The government will put until October off the decision whether to comply with a U.S. request to freeze the assets of Iran's Bank Mellat in Seoul. Iran is a major customer for Korean building contractors.
A government official said Korea "has already started joining sanctions against Iran under UN resolutions and the U.S.' Iran Sanctions Act in such a way that Korean companies are first of all severing 'dangerous' transactions and finding new payment and settlement mechanisms. We'll take time to think about how to implement sanctions on our own."
But another official said UN resolutions and the U.S.' Iran Sanctions Act stipulate that if caught in dealings with Bank Mellat, anyone will be excluded from the U.S. financial system. "They're not demanding we close down the Seoul branch automatically, and whether it should be closed down or not will be decided by the president from a diplomatic perspective."
Cheong Wa Dae has not yet told the Ministry of Strategy and Finance, which is in charge of banking matters, of any policy decision on the issue. Its Seoul branch has already halted business because Korean companies and banks have stopped transactions with it due to the U.S. strictures.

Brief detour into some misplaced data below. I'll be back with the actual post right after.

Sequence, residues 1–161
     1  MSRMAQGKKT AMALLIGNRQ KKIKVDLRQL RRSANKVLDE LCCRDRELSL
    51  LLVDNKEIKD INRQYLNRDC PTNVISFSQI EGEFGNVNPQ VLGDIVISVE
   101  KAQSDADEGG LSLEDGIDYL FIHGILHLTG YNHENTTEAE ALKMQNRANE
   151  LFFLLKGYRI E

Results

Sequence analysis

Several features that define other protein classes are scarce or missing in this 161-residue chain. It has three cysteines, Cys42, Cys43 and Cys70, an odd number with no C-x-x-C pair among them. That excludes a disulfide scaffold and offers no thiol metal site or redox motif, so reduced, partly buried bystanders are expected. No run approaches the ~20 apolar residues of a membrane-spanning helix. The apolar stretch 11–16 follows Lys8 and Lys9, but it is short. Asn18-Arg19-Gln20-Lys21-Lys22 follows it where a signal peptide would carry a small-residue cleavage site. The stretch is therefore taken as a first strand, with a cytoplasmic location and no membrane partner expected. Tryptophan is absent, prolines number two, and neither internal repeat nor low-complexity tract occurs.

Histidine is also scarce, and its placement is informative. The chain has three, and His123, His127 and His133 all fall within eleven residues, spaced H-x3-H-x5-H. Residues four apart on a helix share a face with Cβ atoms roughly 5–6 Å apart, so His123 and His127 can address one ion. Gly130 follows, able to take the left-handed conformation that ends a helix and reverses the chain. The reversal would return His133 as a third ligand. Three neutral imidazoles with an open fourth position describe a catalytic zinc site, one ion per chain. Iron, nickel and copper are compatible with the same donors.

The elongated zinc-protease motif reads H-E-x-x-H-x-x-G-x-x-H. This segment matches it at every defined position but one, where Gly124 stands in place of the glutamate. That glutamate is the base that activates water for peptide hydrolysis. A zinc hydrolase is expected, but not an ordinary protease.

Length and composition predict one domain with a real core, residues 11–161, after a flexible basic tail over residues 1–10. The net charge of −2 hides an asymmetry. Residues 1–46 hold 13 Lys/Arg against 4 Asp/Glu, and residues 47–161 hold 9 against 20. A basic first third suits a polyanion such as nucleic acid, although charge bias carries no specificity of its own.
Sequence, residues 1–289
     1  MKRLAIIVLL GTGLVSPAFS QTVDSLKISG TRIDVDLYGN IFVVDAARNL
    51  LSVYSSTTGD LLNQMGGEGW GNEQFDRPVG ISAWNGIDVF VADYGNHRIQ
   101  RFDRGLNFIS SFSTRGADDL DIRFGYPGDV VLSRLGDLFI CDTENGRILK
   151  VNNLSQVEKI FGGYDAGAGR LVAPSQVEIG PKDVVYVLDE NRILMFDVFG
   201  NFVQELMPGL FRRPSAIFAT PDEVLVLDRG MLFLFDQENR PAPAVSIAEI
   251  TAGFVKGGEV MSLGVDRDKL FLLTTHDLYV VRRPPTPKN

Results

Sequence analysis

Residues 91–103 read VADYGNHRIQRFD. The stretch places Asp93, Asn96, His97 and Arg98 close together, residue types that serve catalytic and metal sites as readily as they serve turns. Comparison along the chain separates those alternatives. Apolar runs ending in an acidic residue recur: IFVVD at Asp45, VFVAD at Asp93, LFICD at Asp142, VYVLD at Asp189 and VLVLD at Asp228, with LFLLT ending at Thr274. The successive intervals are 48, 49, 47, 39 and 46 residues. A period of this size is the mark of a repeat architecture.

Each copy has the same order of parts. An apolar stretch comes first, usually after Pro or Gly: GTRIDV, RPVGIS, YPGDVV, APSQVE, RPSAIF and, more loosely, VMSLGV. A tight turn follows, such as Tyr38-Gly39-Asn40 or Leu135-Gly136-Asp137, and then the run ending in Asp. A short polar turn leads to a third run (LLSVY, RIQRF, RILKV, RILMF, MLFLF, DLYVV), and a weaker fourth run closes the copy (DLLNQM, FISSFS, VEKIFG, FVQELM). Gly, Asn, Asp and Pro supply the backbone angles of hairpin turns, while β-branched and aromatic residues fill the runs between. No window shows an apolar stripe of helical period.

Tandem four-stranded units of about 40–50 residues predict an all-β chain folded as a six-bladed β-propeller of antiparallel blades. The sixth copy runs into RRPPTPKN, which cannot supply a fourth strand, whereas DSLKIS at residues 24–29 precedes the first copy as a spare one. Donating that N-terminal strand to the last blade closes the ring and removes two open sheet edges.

The government is working out a plan for sanction against Iran that envisions banning exports of refined oil products to Iran, which are included in the list of targets, and dealings with blacklisted banks, while protecting normal transactions such as crude oil imports that are not on the list.
Foreign Ministry spokesman Kim Young-sun said, "We are going to join international efforts while trying to minimize damage to legal and normal business activities that are beyond the scope of international sanctions."